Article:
NaNotics

NaNotics builds subtractive nanoparticles called NaNots that can be biochemically programmed to deplete specific targets that drive different diseases. NaNots can be programmed to capture immune inhibitors that protect senescent cells, potentially leading to their clearance from the body. NaNots can also be programmed to deplete inflammatory molecules secreted by senescent cells which are central to inflammaging. To treat Alzheimer’s, NaNots can be programmed to deplete the harmful form of amyloid beta, or to deplete pro-inflammatory molecules known to trigger or exacerbate Alzheimer’s.

Insilico Medicine

Insilico Medicine generates novel drug candidates with specified molecular properties for precise disease targets. The company accelerates drug discovery and drug development by continuously inventing and deploying new AI technologies. The company provides AI solutions to top pharma and biotechnology companies to enable streamlined R&D efforts and transform the way therapeutics and materials are discovered. The company strives to accelerate three areas of drug discovery and development: disease target identification, generation of synthetic biology and predicting clinical trial outcomes.

LyGenesis

LyGenesis is a biotechnology company whose organ regeneration technology platform enables a patient’s lymph nodes to be used as bioreactors to regrow functioning ectopic organs. LyGenesis’s lead allogeneic cell therapy program is focused on liver regeneration for patients with end-stage liver disease. Other therapeutic targets for organ regeneration include the thymus, pancreas and kidney. LyGenesis recently received FDA clearance to begin phase 2a trial of its cell therapy for patients with end-stage liver disease.

Leucadia Therapeutics

Leucadia Therapeutics uses deep learning to develop a non-invasive method to predict who will get Alzheimer’s years before cognitive impairment develops. Leucadia has also developed a treatment to correct this condition at the cribriform plate, a porous bony structure that becomes occluded as we age. An implantable device, called Arethusa®, fixes the root cause of this pathology and clears toxic metabolites from intercellular spaces in the brain — similar to the way the lymphatic system clears toxins from the rest of the body. Doug Ethell, Ph.D., CEO Leucadia Therapeutics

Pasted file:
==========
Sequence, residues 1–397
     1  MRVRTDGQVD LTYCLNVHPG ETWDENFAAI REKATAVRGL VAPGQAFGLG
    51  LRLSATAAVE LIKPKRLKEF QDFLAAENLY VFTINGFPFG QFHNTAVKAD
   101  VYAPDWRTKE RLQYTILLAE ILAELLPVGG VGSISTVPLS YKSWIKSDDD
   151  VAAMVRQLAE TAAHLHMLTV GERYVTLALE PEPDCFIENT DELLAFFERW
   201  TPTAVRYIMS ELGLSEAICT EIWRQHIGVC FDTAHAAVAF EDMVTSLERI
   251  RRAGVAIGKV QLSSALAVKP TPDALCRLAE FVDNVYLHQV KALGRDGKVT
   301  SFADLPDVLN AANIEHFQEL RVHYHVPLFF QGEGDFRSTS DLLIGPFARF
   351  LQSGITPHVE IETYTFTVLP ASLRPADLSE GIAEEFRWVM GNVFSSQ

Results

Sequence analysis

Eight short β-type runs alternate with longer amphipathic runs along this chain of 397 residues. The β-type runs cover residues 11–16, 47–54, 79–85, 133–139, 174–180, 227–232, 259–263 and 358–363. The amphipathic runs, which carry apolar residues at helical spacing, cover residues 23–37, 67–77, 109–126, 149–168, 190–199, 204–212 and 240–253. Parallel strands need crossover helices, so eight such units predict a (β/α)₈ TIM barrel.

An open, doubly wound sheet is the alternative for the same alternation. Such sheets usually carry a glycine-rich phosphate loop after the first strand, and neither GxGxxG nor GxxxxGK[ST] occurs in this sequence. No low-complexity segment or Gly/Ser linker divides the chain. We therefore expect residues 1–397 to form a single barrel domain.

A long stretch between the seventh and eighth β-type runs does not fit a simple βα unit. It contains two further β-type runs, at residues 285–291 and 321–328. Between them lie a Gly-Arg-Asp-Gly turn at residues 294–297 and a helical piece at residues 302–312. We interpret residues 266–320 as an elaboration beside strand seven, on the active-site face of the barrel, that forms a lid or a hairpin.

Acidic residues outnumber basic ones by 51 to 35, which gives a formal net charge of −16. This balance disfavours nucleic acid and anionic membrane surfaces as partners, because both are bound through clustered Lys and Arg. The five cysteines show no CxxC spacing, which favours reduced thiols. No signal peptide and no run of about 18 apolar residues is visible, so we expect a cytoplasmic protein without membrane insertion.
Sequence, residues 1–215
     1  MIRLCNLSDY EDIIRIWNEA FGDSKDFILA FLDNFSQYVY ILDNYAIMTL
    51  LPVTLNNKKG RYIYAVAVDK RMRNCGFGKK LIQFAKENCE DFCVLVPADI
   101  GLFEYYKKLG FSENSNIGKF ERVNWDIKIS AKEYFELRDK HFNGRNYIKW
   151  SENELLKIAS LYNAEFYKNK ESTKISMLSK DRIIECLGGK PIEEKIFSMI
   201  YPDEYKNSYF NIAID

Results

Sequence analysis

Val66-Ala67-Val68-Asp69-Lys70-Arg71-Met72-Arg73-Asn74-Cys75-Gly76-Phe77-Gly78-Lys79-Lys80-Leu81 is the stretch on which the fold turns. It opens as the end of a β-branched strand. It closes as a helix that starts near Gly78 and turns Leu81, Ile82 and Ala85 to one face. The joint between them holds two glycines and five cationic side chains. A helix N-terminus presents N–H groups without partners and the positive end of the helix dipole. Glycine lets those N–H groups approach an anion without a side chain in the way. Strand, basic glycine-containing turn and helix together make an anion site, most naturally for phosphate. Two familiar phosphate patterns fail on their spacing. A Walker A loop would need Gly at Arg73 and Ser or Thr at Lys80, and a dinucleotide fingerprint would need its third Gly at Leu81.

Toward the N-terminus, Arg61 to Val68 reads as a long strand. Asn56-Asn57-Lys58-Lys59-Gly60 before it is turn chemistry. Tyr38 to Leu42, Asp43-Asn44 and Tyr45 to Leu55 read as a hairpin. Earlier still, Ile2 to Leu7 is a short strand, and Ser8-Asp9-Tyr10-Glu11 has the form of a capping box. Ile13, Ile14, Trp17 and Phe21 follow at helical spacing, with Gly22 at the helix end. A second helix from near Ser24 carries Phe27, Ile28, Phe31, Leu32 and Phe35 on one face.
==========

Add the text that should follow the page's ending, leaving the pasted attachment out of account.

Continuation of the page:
Life Biosciences

Life Biosciences is focused on the pathology and underlying biology of aging. The company is pursuing clinical therapies across multiple molecular pathways that regulate the biology of aging in distinct ways and is hoping to develop treatments to treat multiple diseases simultaneously. Areas of focus include epigenetic reprogramming, rejuvenation and replacement of tissues, removal of cellular waste associated with aging and disease, and enhancing mitochondrial health to improve how human bodies burn fuel.

Dr. Mark Allen, Co-founder and CEO Elevian

Elevian

Elevian is developing medicines to treat and prevent age-related diseases. Elevian has acquired exclusive, worldwide rights to Harvard’s patent portfolio concerning circulating factors that regulate aging. The company is developing new medicines that target the GDF11 pathway. Elevian’s lead drug candidate (recombinant human GDF11) has demonstrated efficacy in preclinical models of stroke, heart failure, Alzheimer’s disease, Type 2 diabetes, and age-related muscle dysfunction. The company has also established additional programs focused on the discovery and development of novel proteins, antibodies and small molecule drugs that target the GDF11 pathway.

This article was published in Longevity.Technology on January 4. 2021.

This article was written by Margaretta Colangelo. Margaretta is Managing Editor of Longevity.Technology. She is also Co-founder and CEO of Jthereum, an enterprise Blockchain technology company. Margaretta serves on the Advisory Boards of the AI Precision Health Institute at the University of Hawai’i Cancer Center and Ageing Research AI at King’s College London. She is based in San Francisco.

[1] https://longevity.stanford.edu/working-longer-retirement/wp-content/uploads/sites/9/2017/02/Life-Planning-Gen-X.pdf

[2] https://www.linkedin.com/pulse/mit-technology-review-selects-anti-aging-drugs-top-2020-colangelo/

Originally published at https://www.linkedin.com.